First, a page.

Where do most Americans shop? Despite what cable news says, it’s not Amazon. Nor is it Target, or BestBuy. By a runaway margin, 95% of everyday Americans shop at America’s largest retailer—Walmart. In fact, in 2018, Walmart was nearly 3 times larger than its counterparts Amazon, Kroger, and Costco.
Despite Walmart being the true giant of retail on and offline, Washington still recently released a flawed antitrust report vilifying Amazon for being a retail monopoly. The product of tons of documents reviews, hundreds of hours of interviews, and millions of taxpayer dollars spent, the partisan House Judiciary Committee Report antitrust report displays a clear misunderstanding of the retail industry— concluding that Amazon is a monopoly simply because it is the “only” marketplace Americans shop.
If all you read was the House Judiciary report you’d think that Americans begin and end every single shopping experience with Amazon. It says that “64% of American households that have Prime memberships are effectively locked into Amazon for their online shopping.” If you are like me and have Amazon Prime, you still bargain hunt at Costco, Walmart, Target, and local supermarkets for the best deal.
The Report is correct that many of us use Amazon. Everyday Americans read the reviews and see what similar items exist. But what the Report forgets is that we often then go and buy the product elsewhere. By web-rooming— using sites like Amazon for research and then making a purchase elsewhere— everyday Americans can get the best bang for their buck.
And there is nothing wrong with web-rooming for the best deals available. Online websites and businesses provide these reviews and community comments boards in the hopes we will buy on their sites. But most of us, nonetheless, then shop elsewhere.
We sometimes need or want the item right now. Or we want an easy way to return the item or prefer in-person shopping. Whatever the reason, Amazon is both a jumping-off point in a search for the best retailer and a final destination for purchases.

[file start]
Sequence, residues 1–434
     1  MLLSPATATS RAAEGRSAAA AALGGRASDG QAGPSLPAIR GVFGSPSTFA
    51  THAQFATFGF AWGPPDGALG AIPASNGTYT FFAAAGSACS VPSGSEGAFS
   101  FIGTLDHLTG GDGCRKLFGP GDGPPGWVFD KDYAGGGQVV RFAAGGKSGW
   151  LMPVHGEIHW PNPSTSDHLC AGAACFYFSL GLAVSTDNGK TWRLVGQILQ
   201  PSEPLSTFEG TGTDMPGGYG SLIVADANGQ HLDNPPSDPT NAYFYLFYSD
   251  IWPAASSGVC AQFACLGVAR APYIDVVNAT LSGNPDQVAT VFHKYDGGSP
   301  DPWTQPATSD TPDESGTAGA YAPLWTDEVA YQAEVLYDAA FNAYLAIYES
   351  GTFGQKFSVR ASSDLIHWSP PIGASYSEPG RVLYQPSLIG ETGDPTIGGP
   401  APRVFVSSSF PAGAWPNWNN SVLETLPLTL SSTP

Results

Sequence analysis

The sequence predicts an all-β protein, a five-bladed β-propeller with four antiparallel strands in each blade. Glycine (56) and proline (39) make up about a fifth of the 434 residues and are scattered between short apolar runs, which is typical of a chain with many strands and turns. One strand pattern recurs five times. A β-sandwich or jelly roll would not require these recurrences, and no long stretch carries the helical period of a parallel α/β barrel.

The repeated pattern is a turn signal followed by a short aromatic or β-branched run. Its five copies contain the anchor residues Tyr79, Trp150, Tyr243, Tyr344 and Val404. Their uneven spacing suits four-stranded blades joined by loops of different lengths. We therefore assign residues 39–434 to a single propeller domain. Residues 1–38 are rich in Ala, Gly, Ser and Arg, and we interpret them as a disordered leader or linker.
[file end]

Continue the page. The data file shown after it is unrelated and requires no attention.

Of course, we all know this. We make these decisions as consumers every day. But unfortunately, some of our elected representatives are too disconnected from how their constituents shop. By some fault of miscommunication, Washington has become convinced that there is no choice in shopping, only Amazon. And somehow, politicians like Representative Cicilline who in 2018 identified the robust choice in the marketplace, are unfortunately attacking one competitor of many for ruining the market.
What’s worse, the argument has grown a few new limbs. The partisan House Judiciary antitrust report also complains that Amazon has a monopoly on data because it collects data from customers to better tailor the user experience. But, this practice is not unique to Amazon. In fact, Walmart, the largest global retailer, prides itself on collecting “[b]illions of data signals from hundreds of millions of Walmart customers” to do the exact same thing. And Walmart is not alone. Every store, big and small, collects information about its customers to help understand how to make the customer experience that much better.
Similarly, the Report hinges part of its argument on how two-day delivery and even food delivery by Amazon are further anticompetitive practices. Yet both are actually strategies used by many of Amazon’s own competitors. Amazon’s food delivery has served as a saving grace during the COVID crisis but let’s not forget Walmart is the largest online-grocer in the country. Not to mention, Walmart also has quick and same-day delivery options too, as do competitors like Target and BestBuy. These businesses provide two-day, same-day, and food delivery because we, the customers, expect it. In fact, quick delivery speeds are most definitely one of the most consumer-friendly developments that Amazon has brought to us, not a sign of consumer harm.
Despite what Washington might believe, customers are not losing because Amazon exists. We love Amazon. We love online shopping. And we love the incredible choices we have. The last thing we as customers want is the government deciding to destroy a convenience we love based on bad facts.